Are you still clinging to your childhood beliefs about money? It’s time to let them go, says Spencer Sherman, because they may be leading you to make bad financial decisions.
Beliefs are powerful and it’s our job as meditation practitioners to loosen their grip on us. If we agree that everything is impermanent, then are we ready to see the impermanence of our own beliefs about money and let go of clinging to them?
You may believe that you don’t have enough money, that the stock market can’t be trusted, that you’re not competent with money, that rich people are happier, or that you’ll feel secure when your financial situation improves. The problem is compounded when you aren’t even aware of your beliefs. I didn’t know, for example, that I valued money more than my life—until I risked my life to retrieve my files from a burning building.
Our allegiance to our money beliefs can lead us to invest impulsively, avoid addressing our finances, become stingy with ourselves and other people, blindly rely on the advice of others, or focus our energies on acquiring shiny objects that fall short of our expectations.
In short, when we cling to beliefs about money, we suffer what Buddhism calls the three poisons: greed/fear, aversion/avoidance, and delusion/ignorance. But it doesn’t have to be this way. Money beliefs, even lifelong, are as impermanent as any other thought or belief. If we loosen their grip on us just a little, we will find our innate money wisdom more accessible, we will be more able to discern sensible financial opportunities, and we will feel a lot more at ease.
When it comes to money, our conditioning has been so strong and so long-lasting that we often aren’t even aware of it. So the first step is being open to the possibility that you are deluded about money. Being successful with your finances becomes much less challenging when you gain awareness of the conditioning that blocks your common sense.
The question is, why do we have so many delusions about money? The reason is that our beliefs about money were formed when we were young children, and those deeply rooted childhood beliefs often override what we learn later as adults.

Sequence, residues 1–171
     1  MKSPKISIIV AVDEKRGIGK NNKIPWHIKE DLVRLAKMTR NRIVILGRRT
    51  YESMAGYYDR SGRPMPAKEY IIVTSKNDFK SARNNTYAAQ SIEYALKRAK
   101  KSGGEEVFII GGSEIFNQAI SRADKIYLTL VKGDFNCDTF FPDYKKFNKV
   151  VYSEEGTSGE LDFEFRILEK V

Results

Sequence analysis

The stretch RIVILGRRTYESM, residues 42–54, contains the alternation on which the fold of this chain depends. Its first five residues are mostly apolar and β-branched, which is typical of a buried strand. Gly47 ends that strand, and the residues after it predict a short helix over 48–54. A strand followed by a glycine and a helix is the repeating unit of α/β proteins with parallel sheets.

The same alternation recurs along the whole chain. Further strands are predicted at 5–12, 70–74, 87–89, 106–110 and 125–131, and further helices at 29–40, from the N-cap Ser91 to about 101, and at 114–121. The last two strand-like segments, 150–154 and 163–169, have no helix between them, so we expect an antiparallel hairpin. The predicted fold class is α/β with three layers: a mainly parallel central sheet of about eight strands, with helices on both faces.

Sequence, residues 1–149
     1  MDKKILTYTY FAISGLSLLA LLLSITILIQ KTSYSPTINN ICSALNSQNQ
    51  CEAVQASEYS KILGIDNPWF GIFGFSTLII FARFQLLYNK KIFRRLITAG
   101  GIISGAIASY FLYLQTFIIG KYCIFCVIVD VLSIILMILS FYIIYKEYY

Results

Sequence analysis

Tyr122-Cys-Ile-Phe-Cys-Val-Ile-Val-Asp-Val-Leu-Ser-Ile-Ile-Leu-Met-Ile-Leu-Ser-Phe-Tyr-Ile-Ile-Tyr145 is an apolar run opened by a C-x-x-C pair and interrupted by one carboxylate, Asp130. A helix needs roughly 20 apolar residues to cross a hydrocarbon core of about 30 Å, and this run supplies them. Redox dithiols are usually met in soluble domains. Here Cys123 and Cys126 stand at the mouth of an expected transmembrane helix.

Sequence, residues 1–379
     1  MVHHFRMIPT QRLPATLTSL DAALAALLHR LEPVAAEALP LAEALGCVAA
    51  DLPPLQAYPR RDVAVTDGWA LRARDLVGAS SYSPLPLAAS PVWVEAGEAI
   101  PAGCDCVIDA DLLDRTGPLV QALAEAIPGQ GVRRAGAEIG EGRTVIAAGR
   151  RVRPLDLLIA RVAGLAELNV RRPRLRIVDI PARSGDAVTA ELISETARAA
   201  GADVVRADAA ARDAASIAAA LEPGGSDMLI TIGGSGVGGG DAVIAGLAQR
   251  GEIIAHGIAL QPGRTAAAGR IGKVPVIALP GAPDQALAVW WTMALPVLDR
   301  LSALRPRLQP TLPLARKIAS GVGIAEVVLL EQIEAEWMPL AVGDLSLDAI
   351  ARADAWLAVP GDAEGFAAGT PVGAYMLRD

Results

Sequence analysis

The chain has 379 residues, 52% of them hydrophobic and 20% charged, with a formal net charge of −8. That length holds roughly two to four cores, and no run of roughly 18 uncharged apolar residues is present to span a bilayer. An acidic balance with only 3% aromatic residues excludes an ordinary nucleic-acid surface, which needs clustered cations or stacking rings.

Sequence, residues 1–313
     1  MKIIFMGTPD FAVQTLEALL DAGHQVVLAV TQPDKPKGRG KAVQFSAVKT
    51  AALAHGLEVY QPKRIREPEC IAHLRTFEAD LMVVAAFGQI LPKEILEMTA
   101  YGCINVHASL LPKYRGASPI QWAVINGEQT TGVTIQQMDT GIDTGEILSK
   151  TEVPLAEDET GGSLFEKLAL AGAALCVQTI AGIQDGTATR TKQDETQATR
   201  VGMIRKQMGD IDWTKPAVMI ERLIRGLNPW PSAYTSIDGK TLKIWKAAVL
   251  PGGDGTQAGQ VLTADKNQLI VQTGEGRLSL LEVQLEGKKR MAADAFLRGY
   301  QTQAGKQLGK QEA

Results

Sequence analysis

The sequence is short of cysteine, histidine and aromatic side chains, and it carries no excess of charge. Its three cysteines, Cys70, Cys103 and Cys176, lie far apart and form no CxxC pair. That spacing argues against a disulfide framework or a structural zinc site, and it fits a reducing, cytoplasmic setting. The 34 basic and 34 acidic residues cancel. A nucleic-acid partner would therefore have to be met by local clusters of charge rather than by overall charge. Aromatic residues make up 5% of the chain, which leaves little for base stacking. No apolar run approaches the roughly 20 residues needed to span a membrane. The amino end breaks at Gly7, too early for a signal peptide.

For example, as adults we might embrace the idea that more money doesn’t necessarily make us happier. But we find that our money actions and reactions are more aligned with the opposite view—that money will make us happy—which was planted in our minds when we were young.
Even the most advanced meditators often remain on autopilot about their money behaviors. Our deeply implanted habits can butt up against our adult wisdom, and we find ourselves more grasping and more aversive than we’d like. This disconnect only exacerbates our sense of confusion about money.
What further complicates the problem is that there’s no environment in which we feel safe telling anyone about our real money issues and fears. Money is such a taboo subject that we don’t know how other people experience it, and we can’t share our own experiences. We don’t have the situation or training to investigate and speak about money issues in conscious, intentional, and mature ways. We tend to either disengage about money or be very reactive to it.
This inability to nonjudgmentally recognize and examine our money beliefs keeps our conditioning in place. Think about a money decision you made, maybe an impulsive decision you made that didn’t turn out well. Can you trace what belief you were clinging to that supported that action? As we examine our financial history, awareness starts to loosen up the grip our money beliefs have on us. Here’s a step-by-step practice to help you do that.
Surface Your Money Beliefs
As you calm your mind and body, bring to mind a money challenge you’ve had or an emotion that’s related with money. Become very aware of the physical sensations that arise as you do this—how your breathing changes, how the speed and quality of your thoughts change. Commit to just sensing what you feel, without leaping to any insights or commentary.
Now ask yourself: what’s the belief that supports this money challenge or emotion? Spend the next few minutes befriending the younger version of yourself who learned this belief. Offer compassion to this young person for adopting and clinging to such a fixed belief.
Finally, ask yourself two questions. First, would this money challenge or emotion change if you had learned the opposite belief? Sit in silence without reaching for any answers. Now ask yourself: who am I without this belief? After a few minutes, allow your awareness to widen and open. Consciously let go of your beliefs. Let go of identifying with these beliefs. Let go of clinging.